Can Bush Win Support for His Iraq Plan? Secretary of State Condoleezza Rice and Secretary of Defense Robert Gates are on Capitol Hill Thursday, seeking support for the president's Iraq plan. John Dickerson, chief political correspondent for the online magazine Slate, talks with Alex Chadwick and Luke Burbank.

Can Bush Win Support for His Iraq Plan?

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The president's new plan for Iraq puts a lot of responsibility on the Iraqi government. And that's been greeted with skepticism by many on Capitol Hill. Secretary of State Condoleezza Rice tried to explain how it would work at a hearing of the Senate Foreign Relations Committee earlier today.

Ms. CONDOLEEZZA RICE (U.S. Secretary of State): We will have an opportunity, as this policy unfolds, to see whether or not in fact the Iraqis are living up to the assurances that they gave us.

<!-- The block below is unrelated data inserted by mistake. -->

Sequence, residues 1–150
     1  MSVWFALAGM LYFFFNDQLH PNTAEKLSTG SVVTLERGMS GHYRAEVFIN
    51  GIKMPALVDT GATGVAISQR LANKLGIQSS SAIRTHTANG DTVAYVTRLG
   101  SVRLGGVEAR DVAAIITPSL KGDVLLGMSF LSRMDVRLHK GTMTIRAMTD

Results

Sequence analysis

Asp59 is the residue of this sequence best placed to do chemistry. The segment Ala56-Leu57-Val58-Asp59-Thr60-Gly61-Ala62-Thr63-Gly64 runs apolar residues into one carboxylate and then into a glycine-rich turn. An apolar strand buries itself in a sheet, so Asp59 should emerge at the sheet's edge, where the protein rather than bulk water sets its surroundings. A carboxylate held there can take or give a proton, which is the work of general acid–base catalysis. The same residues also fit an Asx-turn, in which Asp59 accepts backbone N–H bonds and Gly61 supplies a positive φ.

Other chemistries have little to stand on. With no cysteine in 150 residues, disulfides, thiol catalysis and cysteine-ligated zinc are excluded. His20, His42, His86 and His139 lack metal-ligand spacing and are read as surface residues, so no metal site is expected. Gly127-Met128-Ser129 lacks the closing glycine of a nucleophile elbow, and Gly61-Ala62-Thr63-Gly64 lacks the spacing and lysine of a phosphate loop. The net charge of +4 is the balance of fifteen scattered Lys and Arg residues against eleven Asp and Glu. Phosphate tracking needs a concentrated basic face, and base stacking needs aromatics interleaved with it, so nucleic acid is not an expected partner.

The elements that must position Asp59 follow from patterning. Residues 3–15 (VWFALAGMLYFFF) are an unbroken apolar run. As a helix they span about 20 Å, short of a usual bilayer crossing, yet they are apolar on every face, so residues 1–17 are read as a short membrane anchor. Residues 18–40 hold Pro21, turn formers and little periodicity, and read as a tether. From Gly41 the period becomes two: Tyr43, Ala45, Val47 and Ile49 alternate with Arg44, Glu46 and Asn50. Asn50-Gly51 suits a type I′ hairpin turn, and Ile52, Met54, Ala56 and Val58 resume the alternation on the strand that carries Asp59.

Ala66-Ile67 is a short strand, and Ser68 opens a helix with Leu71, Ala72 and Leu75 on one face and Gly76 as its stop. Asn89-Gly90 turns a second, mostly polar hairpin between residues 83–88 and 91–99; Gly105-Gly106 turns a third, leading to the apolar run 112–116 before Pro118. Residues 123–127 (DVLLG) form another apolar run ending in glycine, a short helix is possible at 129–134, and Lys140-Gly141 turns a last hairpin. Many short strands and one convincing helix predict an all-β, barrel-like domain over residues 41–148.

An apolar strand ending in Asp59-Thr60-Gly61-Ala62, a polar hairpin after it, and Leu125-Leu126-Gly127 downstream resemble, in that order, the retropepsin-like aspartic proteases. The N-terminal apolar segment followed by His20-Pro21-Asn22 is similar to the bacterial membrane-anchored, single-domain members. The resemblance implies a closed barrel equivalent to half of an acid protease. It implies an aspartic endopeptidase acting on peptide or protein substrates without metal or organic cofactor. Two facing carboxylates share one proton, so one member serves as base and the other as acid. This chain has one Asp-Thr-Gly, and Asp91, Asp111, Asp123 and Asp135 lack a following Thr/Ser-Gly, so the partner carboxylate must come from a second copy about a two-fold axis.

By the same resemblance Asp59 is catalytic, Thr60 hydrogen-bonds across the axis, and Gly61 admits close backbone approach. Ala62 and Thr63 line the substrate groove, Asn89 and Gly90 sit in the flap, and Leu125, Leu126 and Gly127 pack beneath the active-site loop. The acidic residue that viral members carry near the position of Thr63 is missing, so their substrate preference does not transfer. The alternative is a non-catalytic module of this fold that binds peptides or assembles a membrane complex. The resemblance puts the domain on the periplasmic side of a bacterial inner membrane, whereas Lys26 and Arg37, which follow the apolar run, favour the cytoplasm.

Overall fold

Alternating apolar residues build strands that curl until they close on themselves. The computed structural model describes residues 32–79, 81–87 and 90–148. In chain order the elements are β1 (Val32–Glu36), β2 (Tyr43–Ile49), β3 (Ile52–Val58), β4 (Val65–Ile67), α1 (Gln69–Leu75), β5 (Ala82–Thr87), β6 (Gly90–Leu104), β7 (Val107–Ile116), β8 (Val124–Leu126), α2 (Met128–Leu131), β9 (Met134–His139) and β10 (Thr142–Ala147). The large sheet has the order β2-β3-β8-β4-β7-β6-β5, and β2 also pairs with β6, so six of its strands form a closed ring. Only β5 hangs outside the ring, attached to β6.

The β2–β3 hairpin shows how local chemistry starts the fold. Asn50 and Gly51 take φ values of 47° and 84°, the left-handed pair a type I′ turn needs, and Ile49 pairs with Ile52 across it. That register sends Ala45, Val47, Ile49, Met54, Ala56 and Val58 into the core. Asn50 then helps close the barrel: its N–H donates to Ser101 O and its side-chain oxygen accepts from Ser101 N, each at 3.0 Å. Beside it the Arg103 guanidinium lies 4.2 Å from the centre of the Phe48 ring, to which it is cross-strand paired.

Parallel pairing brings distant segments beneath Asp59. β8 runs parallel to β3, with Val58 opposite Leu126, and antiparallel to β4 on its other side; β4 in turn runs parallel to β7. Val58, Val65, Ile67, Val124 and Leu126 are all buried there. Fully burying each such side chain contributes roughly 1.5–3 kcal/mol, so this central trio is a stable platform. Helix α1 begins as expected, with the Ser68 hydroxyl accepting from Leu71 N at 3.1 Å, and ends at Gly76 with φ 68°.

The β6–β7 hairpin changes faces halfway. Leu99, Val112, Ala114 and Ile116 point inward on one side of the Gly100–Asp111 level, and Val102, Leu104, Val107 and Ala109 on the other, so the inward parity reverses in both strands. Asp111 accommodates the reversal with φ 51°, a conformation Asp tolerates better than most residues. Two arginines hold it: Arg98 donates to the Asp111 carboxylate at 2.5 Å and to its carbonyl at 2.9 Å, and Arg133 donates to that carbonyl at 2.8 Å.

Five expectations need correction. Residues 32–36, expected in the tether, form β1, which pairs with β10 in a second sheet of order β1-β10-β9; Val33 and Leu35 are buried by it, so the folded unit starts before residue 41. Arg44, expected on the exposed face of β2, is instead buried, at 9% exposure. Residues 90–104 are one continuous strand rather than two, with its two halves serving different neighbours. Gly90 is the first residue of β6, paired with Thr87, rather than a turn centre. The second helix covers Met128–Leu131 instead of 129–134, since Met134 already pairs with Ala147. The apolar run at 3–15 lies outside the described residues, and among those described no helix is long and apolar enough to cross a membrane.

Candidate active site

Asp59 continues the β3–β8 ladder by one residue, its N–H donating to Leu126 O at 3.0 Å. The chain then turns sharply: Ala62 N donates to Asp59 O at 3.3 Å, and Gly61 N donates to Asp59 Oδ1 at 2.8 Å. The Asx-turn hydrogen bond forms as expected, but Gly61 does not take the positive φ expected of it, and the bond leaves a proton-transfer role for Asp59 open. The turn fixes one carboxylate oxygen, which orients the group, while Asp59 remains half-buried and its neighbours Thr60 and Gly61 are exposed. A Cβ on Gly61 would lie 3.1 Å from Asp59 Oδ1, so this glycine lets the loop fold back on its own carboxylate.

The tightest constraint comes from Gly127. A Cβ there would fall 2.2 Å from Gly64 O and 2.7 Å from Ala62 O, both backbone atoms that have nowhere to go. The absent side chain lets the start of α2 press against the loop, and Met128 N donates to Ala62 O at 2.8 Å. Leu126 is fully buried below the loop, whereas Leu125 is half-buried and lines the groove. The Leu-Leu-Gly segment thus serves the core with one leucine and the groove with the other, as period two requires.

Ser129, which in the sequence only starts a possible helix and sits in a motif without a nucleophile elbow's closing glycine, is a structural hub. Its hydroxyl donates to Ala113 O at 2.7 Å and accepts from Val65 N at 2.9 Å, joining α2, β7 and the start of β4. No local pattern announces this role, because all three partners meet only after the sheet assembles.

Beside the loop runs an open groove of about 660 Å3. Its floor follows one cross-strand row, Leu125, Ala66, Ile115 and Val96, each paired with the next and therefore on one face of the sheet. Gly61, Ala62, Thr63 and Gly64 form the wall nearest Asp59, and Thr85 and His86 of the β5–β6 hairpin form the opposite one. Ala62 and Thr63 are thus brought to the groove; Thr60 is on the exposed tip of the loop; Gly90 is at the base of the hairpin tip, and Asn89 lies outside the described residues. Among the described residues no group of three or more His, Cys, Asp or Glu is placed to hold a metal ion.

Senator JOHN KERRY (Democrat, Massachusetts): And what if they don't?

Ms. RICE: Senator, I don't think you go to Plan B. You work with plan A.

Senator KERRY: That's not a Plan B. That's a very critical issue here.

BURBANK: That was Massachusetts Senator John Kerry confronting Rice.


And Luke, joining me here in our Washington studio, John Dickerson. He's chief political correspondent for the online magazine Slate. John, a very active day in politics in the last 24 hours.

JOHN DICKERSON: Oh my God, it's extraordinary. It's moving under our feet. We have not only testimony from the administration. We also have to see, we're looking at this debate within the Democratic Party. And then the key - another key thing to watch is these Republicans. You've got several who've already come out against the surge, and that number is growing.

CHADWICK: You know, I just - we're going to go to the Republicans in a moment. But I just want to note that Slate online,, has excellent coverage of this today. Several articles. In one of them, your editor, Jacob Weisberg, calls the Democrats political cowards. It sounds as though maybe they're developing a little backbone over in that caucus.